Can one person do anything about mass rape?

Cover of "King Leopold's Ghost: A Story o...

Cover via Amazon

Ever notice how we can feel quite helpless when we hear about evil on a mass level? We’ve all had times when we’d rather turn away from systemic evil because we can’t stand to look at what we cannot change.

But check out the story of one Edmund Dene Morel as told in King Leopold’s Ghost: A Story of Greed, Terror, and Heroism in Colonial Africa (by Adam Hochschild, Houghton Mifflin, 1998). Most likely you’ve never heard of him or the mass destruction of 5-8 million Congolese during the reign of Leopold II, Belgian King who “owned” the Congo during the turn of the 20th century.

Instead of my summarizing this story, click the link above and read the story yourself (link goes to Amazon’s search inside, p. 1). You will see that one person who saw the problem of slavery and raping a country and did not turn away. Rather, he made it is work to tell the world and cause Americans and Europeans to rise up and force the government of Belgium to take control of that area away from their king.

Once again, the Congo is facing the destruction of some of its population–the women. The main method is not slavery but rape. The instigators are warring groups, Congolese and outsiders. The goal is to destroy by destroying families, spreading HIV and fear. Many women are raped multiple times.

What will we do?

Consider writing to your congressmen or the president or Sec Clinton to speak out about this problem. Also, you might consider giving to groups that are working in the area to care for these women and/or trying to change culture. Doctors without Borders (MSF), Amnesty International, American Bible Society, and many others are working in the area. And start with talking to your friends about this problem.

Unknown people can do much when we are willing to speak the truth.


Filed under Abuse, church and culture, Democratic Republic of Congo

3 responses to “Can one person do anything about mass rape?

  1. It always starts with one person brave enough to stand up to society’s widespread norms. Then come those who disagreed with those norms but originally didn’t have the courage to do anything about it. Then, they get more publicity. Then, some who originally agreed with the norms change their mind and join the cause. Then, they lobby for changes in laws.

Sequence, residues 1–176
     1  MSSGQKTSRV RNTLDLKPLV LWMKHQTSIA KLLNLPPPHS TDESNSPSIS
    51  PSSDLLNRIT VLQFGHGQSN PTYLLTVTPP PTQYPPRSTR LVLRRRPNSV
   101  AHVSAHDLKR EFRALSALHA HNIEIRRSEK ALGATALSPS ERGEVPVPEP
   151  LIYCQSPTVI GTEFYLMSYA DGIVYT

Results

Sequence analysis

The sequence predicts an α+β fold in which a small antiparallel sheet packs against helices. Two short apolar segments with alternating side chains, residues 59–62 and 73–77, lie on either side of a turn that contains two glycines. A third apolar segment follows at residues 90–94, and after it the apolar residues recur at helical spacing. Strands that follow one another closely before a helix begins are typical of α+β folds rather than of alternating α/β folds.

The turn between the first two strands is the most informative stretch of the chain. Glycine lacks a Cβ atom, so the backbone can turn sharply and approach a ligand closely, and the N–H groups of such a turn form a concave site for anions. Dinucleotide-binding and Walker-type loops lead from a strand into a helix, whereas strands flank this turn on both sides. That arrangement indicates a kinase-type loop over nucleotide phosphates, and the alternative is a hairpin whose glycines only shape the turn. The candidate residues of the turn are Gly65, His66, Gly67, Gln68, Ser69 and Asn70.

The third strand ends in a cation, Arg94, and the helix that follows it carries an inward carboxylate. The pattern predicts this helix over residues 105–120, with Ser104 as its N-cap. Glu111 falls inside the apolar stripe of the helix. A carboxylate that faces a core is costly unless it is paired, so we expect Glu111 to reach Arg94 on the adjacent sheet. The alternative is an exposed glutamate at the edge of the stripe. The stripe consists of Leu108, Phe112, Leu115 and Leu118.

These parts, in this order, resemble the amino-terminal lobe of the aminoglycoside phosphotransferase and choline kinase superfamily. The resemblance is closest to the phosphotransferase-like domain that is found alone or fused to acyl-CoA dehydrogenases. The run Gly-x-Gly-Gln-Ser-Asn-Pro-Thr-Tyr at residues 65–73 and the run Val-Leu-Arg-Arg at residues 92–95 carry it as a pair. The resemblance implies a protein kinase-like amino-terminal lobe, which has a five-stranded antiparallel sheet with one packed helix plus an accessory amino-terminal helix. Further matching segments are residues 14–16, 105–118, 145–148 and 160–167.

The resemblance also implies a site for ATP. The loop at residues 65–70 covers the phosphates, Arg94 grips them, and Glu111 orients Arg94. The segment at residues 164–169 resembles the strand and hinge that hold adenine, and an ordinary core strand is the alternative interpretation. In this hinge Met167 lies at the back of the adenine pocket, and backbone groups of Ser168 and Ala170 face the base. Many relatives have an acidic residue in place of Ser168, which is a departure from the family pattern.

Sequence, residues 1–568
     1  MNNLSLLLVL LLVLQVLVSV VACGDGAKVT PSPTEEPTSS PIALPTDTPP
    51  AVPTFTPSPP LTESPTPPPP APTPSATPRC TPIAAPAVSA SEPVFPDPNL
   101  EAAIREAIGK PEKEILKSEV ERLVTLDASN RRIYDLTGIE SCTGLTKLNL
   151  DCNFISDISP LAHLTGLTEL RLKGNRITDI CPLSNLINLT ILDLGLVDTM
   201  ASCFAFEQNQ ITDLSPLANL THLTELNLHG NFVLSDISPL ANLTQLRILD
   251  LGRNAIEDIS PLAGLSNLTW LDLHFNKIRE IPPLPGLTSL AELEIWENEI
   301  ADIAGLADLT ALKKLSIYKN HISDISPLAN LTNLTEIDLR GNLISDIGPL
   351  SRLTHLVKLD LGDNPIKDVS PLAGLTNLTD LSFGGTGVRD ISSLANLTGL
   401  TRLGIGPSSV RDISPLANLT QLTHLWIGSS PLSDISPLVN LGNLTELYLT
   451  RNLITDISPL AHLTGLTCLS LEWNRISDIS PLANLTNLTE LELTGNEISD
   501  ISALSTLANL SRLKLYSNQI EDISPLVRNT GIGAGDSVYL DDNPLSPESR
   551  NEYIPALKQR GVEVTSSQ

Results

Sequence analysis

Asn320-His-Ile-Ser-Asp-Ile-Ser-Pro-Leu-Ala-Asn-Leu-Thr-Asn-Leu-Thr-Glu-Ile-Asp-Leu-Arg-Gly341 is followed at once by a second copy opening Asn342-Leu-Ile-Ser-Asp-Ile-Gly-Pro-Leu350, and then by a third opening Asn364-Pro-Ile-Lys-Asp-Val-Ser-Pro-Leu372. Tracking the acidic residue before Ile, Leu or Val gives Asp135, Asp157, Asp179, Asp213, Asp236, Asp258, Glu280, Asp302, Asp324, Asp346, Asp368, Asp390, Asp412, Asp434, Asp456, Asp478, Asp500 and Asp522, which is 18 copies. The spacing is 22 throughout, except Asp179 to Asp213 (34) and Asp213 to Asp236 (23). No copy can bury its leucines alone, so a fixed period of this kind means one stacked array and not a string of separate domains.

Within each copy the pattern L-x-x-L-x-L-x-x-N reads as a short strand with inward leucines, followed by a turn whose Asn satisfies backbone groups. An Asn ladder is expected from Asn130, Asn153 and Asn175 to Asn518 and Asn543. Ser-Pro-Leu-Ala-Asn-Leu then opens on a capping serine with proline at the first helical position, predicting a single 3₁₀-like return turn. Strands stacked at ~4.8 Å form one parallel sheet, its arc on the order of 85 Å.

2. Scott Knapp

    I hope folks are persuasive on this matter. A good friend of mine is in leadership of an international aid association that focuses on the oppression and persecution of Christians in the Middle East. He met at the White House with Vice President Cheney some years ago, to talk about the atrocities taking place in some of the more “moderate, liberal” Middle Eastern nations (Saudi Arabia, UAE), and pleaded for the USA to take a stand with regard to foreign policy, economic incentives, etc., to persuade our supposed “allies” to take a harder look at remedying these social and religious ills….he came away from that meeting nonplussed and not impressed!

  3. Bruce Johnson

    Thanks, Phil. A good challenge.

    In case it’s of help or interest, here’s a few observations on the book you mentioned, and related books (good history and MORE inspiration, I hope):

    First, don’t forget to credit George Washington Williams, who sounded the alert even before Morel, but unfortunately, died (of TB, I think) before he could do more. I’m not sure what if anything Morel knew of Williams’s efforts, but if little or nothing, this is some encouragement to realize that, when we THINK we’re alone, others may also have taken or be taking action…

    Anyway, thanks for the reminder to put this on my reading list. I’ve intended to check it out ever since reading Hochschild’s similarly themed *Bury the Chains* –on the British efforts to end the slave trade — material on Granville Sharp, Wilberforce,, but especially a very interesting recounting of Thomas Clarkson’s role.

    Along the same lines, I recently completed (and highly recommend) William Hague’s excellent biography of William Wilberforce. (Next stop: Eric Metaxas on Dietrich Bonhoeffer.) Good to see these as real, struggling people who ACTED when they felt weak and their efforts it seemed pointless.

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